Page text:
This act was one of several which brought to the Tivoli Theatre of Varieties performers from around the world, which in itself would have been a novelty and attraction to the people of Birmingham. They would most likely have never seen Japanese, Chinese, Russian or even American people before, particularly dark skinned American performers, who were by the end of the decade to become extremely popular with the coming of “ragtime” music. Prior to this, minstrel shows had been popular for some time.
In the week commencing 8 October, 1900, there was the first appearance at the theatre of Ando’s “Imperial Native Japanese Troupe”, which comprised acrobats, jugglers and tight-rope walkers, sometimes referred to as “Ando’s Happy Little Japs”, according to April Lee on boards.ancestry.com. The troupe appeared at the Alhambra, Morecambe in 1905, when they were billed as being “direct from the Kabukiza Theatre, Tokyo” and also “the only troupe that ever appeared before the Royal Family of Japan in 1897”.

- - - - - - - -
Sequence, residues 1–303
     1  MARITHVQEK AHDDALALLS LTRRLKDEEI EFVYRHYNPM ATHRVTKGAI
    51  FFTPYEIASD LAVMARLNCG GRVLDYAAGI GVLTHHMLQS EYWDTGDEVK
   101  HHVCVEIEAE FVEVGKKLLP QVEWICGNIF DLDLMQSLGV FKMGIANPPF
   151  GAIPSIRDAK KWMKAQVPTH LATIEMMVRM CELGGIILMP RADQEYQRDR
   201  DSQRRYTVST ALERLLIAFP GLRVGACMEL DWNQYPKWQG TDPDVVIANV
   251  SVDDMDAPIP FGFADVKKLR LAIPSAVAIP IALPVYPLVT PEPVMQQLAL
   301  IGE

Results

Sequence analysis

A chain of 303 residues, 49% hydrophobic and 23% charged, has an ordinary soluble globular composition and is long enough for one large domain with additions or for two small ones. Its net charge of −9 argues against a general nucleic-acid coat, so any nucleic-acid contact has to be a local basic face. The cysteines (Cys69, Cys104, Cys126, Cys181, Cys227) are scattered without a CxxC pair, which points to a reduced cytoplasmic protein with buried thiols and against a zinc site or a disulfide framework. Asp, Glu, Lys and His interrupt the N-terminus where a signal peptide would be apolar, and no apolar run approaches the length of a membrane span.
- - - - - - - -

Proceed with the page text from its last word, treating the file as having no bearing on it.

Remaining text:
According to the website www.fultonhistory.com/Newspapers on one occasion “the boy who does the Little All Right rope slide with Ando’s troupe had a curious mishap at the Bradford Empire. He struck his fan against the ceiling as he neared the summit of his mount at the gallery rails, this slight disturbance causing him to lose his balance and topple over, but he seized the rope instead of falling 40 feet to the pit on the heads of the spectators, and managed to slide back to the stage. He then mounted the rope again as if nothing had happened and this time performed the feat without mishap”.